Today, Kimberly Unger walks us through the genesis and premise of her latest novel, The Extractionist.
Underground hacker Eliza McKay is one of the best in the virtual space where people create personas that can interact as data.
Back when I first conceptualized The Extractionist, VR had been through a couple of failed generations already and Google’s Cardboard hadn’t seen the light of day. At the time I’d been thinking much more along the lines of Star Trek’s holodeck with some of Gibson’s style and Nylund’s metaphoric spaces mixed in for good measure. So, of course McKay had to be a “hacker” of some stripe, although as we learn that’s rooted in a fundamental inability to respect locks rather than a desire to good or harm.
When rich or important people get stuck in the Swim — for reasons that are sleazy, illegal, or merely unlucky — it’s McKay’s job to extract them. And McKay’s job just got a lot more dangerous.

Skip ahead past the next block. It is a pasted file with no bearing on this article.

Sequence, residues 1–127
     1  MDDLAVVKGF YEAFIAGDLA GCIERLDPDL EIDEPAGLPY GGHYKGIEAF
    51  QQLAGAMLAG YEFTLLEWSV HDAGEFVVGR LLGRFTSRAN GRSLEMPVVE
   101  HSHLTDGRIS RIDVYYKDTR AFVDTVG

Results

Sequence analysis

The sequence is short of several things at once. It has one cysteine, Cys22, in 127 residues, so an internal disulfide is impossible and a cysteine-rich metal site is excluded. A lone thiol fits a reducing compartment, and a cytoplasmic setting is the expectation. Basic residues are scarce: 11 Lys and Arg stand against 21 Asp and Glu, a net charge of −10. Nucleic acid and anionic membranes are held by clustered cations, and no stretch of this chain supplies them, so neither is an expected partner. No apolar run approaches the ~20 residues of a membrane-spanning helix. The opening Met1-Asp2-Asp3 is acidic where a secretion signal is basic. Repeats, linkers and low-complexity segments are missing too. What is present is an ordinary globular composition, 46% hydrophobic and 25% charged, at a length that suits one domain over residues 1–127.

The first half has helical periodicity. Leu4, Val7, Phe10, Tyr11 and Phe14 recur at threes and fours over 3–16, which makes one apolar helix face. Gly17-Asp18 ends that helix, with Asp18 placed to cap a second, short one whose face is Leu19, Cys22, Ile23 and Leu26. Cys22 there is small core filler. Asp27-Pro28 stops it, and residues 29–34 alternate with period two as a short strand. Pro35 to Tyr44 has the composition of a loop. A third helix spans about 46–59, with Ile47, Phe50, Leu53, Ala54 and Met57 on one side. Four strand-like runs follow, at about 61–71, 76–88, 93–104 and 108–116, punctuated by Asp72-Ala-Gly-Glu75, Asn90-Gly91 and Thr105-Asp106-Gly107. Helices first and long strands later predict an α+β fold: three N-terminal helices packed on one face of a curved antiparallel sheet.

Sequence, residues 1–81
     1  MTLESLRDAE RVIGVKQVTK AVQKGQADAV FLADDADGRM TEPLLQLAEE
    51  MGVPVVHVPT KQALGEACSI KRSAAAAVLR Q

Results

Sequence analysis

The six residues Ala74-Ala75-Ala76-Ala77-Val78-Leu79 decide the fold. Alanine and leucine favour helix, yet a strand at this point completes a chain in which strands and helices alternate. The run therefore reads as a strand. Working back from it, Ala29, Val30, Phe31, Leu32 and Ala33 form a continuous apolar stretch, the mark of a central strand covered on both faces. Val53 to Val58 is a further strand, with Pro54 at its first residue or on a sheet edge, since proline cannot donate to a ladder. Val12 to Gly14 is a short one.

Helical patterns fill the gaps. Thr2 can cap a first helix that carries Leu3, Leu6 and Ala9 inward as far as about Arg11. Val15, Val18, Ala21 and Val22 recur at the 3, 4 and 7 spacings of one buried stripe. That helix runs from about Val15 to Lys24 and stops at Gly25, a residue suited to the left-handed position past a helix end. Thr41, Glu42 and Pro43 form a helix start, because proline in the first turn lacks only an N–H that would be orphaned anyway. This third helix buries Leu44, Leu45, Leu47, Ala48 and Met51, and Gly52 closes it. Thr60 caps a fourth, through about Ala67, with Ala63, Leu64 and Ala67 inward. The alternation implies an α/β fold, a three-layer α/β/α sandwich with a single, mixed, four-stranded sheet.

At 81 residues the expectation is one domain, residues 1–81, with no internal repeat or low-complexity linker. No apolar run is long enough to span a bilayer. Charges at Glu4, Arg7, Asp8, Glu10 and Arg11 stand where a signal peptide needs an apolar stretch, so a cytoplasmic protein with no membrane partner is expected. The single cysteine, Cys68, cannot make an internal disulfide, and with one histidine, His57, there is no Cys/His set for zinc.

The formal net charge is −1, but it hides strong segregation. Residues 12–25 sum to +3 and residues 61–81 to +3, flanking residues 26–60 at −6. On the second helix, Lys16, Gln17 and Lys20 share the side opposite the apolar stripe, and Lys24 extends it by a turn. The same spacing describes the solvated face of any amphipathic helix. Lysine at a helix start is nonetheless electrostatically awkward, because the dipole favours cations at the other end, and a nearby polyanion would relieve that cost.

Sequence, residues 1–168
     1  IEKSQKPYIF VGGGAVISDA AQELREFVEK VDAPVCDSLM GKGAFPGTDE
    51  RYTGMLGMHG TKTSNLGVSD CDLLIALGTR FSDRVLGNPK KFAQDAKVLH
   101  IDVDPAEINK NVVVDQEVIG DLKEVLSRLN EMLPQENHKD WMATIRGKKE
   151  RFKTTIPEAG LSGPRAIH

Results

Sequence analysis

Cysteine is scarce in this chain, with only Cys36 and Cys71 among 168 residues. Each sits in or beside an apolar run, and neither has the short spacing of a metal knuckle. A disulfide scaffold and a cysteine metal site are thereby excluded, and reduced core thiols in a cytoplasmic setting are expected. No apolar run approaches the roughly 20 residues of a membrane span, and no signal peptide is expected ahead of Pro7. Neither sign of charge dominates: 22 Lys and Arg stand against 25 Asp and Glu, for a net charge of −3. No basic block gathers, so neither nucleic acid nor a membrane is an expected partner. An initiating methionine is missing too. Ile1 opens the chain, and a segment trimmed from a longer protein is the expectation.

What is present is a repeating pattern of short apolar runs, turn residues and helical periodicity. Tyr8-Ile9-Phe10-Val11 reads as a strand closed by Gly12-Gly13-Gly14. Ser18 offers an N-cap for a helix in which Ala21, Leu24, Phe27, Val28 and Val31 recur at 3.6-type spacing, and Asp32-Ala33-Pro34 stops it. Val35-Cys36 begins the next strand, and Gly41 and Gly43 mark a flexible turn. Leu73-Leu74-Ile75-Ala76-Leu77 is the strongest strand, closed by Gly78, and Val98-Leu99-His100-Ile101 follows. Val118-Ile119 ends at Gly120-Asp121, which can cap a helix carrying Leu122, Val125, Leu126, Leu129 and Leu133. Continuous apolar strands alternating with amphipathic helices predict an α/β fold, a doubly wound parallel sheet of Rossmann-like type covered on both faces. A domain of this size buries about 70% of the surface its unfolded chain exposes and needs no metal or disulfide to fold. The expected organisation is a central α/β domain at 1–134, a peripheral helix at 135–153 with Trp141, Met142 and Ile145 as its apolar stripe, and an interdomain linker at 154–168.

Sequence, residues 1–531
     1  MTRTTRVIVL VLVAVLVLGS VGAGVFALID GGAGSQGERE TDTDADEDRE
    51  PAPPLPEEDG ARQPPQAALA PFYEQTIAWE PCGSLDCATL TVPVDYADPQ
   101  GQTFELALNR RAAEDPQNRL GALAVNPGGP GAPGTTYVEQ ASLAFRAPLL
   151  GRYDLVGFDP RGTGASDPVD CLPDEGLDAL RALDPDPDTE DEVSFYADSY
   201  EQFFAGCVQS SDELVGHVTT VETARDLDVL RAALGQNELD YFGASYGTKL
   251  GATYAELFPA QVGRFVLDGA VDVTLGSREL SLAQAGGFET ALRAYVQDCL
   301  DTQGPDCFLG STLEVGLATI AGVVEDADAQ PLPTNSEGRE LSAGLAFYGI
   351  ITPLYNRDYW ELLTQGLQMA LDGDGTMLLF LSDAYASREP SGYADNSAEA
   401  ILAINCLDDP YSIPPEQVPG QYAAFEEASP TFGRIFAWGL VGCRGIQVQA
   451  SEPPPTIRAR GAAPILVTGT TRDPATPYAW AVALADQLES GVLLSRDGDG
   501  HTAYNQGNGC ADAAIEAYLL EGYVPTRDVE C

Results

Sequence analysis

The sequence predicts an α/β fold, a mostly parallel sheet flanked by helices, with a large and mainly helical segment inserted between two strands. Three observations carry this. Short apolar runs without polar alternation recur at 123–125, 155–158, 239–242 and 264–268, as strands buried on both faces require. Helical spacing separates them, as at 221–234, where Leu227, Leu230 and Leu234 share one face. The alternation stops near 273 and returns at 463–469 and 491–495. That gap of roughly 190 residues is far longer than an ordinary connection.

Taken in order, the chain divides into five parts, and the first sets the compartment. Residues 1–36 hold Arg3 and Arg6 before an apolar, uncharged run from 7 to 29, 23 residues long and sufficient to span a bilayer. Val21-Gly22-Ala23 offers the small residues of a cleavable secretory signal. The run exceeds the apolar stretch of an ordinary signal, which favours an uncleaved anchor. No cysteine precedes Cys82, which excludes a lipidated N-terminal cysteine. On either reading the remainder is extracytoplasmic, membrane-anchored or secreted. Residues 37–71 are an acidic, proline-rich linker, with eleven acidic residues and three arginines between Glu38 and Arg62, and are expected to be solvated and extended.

I am a fan of heroes who have been knocked off their pedestal. In Eliza’s case, she’s lost her ability to do what she loves the most (programming for nanotech) and has fetched up in an adjacent industry just sort of marking time until she can figure out how to get back where she thinks she belongs. The thing is, though, you can never go back. Even if the hero is able to get back to where they used to be, the journey’s changed them, it’s never going to be quite the same.
While on an assignment in Singapore, McKay is flagged by an investigative outfit led by Ellie Brighton. Brighton desperately needs her corporate superior extracted from the Swim. The brute-force hacking tactics of Brighton’s tech Rose have already failed. The executive’s personality remains trapped and fragmented; if left for much longer, he won’t survive.
This book starts in Singapore, and it also *started* in Singapore, I wrote the first draft of the very first chapter while traveling for business. Despite having spent a year with her friend Saiid’s family, you’ll notice that McKay still very much views herself as a tourist.
But the job is turning out to be more dangerous than McKay initially thought: her house is broken into, her target is surprisingly reluctant to be extracted, and something is menacing her informational AI sprite, Spike. Something big.
Because, let’s face it, the job is always a bit larger and hairier than expected, that’s what makes it worth the read!
Kimberly Unger’s The Extractionist is due to be published by Tachyon Publications in North America and in the UK, on July 12th.